Arbitration seems to be at the forefront at the Sixth Circuit’s docket right now, as numerous published opinions have been issued recently on various facets of the arbitration process. Yesterday, the Court handed down an interesting decision in Savers Property and Casualty Insurance Company v. National Union Fire Insurance Company of Pittsburgh, PA. The case has a complicated procedural backdrop, but the gist of the issue was whether a party to an arbitration agreement that was in the middle of an arbitration could effectively seek interlocutory judicial review during ongoing arbitration proceedings. The complaining party alleged that after the arbitration panel issued an interim final reward, and turned it sights to damages, situations arose that suggested the possibility of partiality of one of the arbitrators. After having its applications denied by the arbitration panel, the party turned to state court, and after removal, found a willing audience with the district court.
Although the district court acknowledged that courts are generally prohibited from reviewing arbitration proceedings until a final reward has been issued, it nevertheless intervened based on the threat of irreparable harm and the prospect for success on the merits under the traditional injunction test. The Sixth Circuit, however, reversed, explaining, “Our court and several of our sister circuits have interpreted . . . the overall structure of the FAA to preclude the interlocutory review of arbitration proceedings and decisions.” The Court pointed both to the text of the FAA, which did not permit this type of interlocutory review, as well as to policy considerations, explaining that allowing interim review by the courts would effectively eradicate many of the benefits of arbitration.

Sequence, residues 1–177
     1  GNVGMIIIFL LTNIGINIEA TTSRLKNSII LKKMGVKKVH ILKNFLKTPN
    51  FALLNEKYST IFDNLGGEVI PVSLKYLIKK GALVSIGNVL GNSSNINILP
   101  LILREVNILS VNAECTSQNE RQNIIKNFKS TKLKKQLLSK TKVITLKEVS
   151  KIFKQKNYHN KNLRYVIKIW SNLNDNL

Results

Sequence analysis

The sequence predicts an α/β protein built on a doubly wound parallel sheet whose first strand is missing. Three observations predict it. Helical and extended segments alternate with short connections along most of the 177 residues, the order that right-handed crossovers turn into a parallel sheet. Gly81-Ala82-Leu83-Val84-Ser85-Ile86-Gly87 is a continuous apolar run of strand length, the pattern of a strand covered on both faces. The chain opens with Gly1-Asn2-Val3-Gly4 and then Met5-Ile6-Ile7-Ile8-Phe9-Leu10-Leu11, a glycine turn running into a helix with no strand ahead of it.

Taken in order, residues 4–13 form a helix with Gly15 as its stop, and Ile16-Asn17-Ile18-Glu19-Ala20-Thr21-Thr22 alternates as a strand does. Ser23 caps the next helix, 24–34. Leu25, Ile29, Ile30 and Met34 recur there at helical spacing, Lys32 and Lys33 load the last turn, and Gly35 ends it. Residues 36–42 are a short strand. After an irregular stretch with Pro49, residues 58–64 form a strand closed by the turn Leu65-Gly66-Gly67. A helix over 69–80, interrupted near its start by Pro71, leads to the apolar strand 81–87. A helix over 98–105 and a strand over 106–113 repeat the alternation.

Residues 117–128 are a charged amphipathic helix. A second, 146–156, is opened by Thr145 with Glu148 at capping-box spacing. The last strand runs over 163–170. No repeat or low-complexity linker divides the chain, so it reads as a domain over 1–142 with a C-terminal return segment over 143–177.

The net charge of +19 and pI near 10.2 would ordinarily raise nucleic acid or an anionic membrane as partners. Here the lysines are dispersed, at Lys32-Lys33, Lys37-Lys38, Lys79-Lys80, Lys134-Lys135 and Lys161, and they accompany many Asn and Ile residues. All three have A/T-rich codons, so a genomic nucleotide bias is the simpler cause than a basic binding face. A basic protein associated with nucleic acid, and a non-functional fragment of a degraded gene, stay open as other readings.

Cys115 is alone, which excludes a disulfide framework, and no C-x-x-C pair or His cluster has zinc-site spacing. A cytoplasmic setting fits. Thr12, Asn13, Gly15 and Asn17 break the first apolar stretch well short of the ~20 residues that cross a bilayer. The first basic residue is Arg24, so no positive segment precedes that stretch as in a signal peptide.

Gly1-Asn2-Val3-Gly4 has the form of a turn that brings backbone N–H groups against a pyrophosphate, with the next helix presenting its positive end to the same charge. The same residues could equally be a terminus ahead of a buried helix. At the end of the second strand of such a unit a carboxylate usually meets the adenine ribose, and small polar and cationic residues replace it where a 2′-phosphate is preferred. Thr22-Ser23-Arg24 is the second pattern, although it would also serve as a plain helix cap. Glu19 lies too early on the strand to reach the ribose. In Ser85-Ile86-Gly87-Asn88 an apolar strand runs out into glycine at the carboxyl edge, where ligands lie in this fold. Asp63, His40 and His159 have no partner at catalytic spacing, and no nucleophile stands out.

The district court also relied on Section 2 of the FAA to support its authority to issue an injunction, and even though the appellee did not defend this basis of the ruling, the Sixth Circuit addressed this portion of the decision in order “to resolve any ambiguity over the type of judicial review that 9 U.S.C. § 2 does and does not permit.” The Court emphatically held that Section 2 does not permit interlocutory review of arbitration proceedings. Thus, the Court explained, “nothing in the text of the FAA suggests that Section 2 was intended to displace the limitation of judicial review in contained in Section 10 of the FAA.” In other words, it refused endorse a theory that would allow Section 2 to prevent a new means for review of arbitration decisions.